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Artifact Friday: Stinson L-13

After several weeks of some of our smaller artifacts, I thought I would dive into one of our aircraft.



The Stinson L-13 or "L-Bird" as the staff calls it, is one of the largest fixed-winged aircraft in our collection at a little over 40 feet. It is also one of the rarest aircraft in our collection being one of 7 left in the entire world of the 302 ever made. Stinson began producing the aircraft while under Consolidation Vultee in 1945. The aircraft was mainly used for liaison, observation, and air ambulance because of its short take-offs and landings.








The aircraft is equipped with "Slots". "Slots" are typically

fixed pieces, that allow for a slot of

space between the "Slot" and the wing. Some "Slots" are adjustable but are not to be confused with "Slats" that can be deployed while flying and serve the same purpose as the "Slots". The purpose of Slots and Slats is to provide maximum lift to the aircraft. Now that we are past that vocabulary lesson we can chat about the foldable wings. The wings of the Stinson L-13 are able to fold flat against the fuselage, making it the same width as a military jeep. This made for easy transportation and storage. You will notice that our aircraft's horizontal stabilizers are typically folded up so it can save just a little space in our military hangar.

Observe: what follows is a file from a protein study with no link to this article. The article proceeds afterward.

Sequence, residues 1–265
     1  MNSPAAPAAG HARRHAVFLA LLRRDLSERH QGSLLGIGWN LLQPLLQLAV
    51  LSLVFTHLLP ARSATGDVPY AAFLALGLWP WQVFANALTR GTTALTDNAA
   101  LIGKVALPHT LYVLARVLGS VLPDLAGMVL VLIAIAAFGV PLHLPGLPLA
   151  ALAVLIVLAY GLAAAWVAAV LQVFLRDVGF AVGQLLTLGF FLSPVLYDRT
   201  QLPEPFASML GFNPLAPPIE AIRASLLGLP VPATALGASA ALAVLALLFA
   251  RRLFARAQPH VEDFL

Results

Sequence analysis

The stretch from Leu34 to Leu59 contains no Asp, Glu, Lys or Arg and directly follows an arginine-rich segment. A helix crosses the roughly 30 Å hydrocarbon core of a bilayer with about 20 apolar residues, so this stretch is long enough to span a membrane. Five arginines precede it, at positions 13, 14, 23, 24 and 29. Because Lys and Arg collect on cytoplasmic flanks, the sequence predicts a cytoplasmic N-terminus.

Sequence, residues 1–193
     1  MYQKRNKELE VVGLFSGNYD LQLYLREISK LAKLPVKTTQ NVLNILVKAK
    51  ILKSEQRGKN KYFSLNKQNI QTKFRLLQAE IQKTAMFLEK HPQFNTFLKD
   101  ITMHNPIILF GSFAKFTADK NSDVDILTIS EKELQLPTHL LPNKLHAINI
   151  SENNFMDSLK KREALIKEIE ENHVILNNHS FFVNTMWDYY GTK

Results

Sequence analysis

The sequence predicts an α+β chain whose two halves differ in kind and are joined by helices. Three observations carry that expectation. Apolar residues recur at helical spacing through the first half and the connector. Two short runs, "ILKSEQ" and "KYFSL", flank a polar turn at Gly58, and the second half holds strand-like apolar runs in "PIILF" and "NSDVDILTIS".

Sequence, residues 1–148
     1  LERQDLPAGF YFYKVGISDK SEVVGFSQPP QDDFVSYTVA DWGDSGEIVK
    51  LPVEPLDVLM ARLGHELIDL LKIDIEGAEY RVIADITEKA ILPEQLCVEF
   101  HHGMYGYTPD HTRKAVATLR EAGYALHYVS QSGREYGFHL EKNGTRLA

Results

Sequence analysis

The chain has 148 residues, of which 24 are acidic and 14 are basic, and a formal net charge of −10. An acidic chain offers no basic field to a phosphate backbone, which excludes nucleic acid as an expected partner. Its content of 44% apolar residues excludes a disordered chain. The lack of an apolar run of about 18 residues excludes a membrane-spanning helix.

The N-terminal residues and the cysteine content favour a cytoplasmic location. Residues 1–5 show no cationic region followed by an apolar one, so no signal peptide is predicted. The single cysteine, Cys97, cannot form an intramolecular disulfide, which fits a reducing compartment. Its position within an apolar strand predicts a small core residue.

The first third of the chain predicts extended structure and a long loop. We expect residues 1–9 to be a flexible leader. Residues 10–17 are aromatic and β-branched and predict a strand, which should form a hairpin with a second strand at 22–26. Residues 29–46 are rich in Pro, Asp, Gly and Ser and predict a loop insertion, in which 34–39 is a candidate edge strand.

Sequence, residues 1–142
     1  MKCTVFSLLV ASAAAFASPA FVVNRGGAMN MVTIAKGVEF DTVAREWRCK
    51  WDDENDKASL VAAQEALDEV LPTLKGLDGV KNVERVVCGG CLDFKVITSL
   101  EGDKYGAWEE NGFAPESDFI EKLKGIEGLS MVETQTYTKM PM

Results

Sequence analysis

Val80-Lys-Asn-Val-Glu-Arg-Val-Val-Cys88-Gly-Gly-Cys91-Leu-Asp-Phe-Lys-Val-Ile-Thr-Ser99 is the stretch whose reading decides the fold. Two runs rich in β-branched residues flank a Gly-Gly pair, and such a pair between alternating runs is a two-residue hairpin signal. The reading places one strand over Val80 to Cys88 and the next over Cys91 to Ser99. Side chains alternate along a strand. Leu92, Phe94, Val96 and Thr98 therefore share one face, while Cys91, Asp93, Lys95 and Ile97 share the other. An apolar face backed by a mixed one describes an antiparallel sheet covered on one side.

Go to https://planesoffame.org/aircraft/plane-L-13A to see this type of aircraft completely folded.


The L-13 fell out of popularity with the rise of the helicopter. By the end of the Korean War the aircraft had been completely phased out but it became very popular with bush pilots, for its short take-off and landing capabilities.


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